Story about Kwasi Enin causes tension between Black Americans and recent African immigrants.
The story of the first-generation Ghanian-American student accepted by all eight Ivy league schools is wonderful, but it also stirs up the tension between Black Americans and recent African immigrants — especially when you describe him as "not a typical African-American kid." That's been the reaction to USA Today's profile on Kwasi Enin, a Long Island high schooler who got into the nation's most competitive schools through hard work and, according to IvyWise CEO Katherine Cohen, being African (and being male).
At one point the piece reads: Being a first-generation American from Ghana also helps him stand out, Cohen says. "He's not a typical African-American kid."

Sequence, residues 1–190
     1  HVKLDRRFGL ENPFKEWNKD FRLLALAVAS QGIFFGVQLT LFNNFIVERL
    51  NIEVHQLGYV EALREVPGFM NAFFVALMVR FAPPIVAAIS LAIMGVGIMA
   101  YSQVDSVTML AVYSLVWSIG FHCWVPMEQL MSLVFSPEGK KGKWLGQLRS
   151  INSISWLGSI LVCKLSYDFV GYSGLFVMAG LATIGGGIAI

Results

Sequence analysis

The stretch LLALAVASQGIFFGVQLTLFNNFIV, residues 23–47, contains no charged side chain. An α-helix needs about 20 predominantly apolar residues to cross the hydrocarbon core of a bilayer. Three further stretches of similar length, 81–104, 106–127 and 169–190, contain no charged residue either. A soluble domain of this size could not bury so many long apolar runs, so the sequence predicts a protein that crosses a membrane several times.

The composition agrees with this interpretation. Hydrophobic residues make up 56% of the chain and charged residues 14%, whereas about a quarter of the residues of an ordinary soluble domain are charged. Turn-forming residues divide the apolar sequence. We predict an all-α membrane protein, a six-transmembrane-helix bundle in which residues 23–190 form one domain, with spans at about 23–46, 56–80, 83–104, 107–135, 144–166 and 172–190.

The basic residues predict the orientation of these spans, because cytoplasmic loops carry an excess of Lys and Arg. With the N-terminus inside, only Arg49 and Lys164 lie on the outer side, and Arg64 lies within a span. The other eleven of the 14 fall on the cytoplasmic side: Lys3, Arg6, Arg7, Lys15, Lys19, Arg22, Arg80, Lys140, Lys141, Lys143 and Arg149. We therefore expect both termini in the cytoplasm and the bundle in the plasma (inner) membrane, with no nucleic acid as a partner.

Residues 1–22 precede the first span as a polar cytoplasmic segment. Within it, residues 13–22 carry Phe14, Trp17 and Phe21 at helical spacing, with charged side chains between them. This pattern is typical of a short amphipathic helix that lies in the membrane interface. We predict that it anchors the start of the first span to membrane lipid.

"Not a typical African-American kid" is being read as an allusion to the lazy black American stereotype. The tension comes from the fact that some African immigrants buy into that stereotype, which gets turned into "Africans don't like Black people." This has almost nothing to do with Enin, who is obviously a remarkable young man, and everything to do with how America perceives and portrays Black Americans and African immigrants.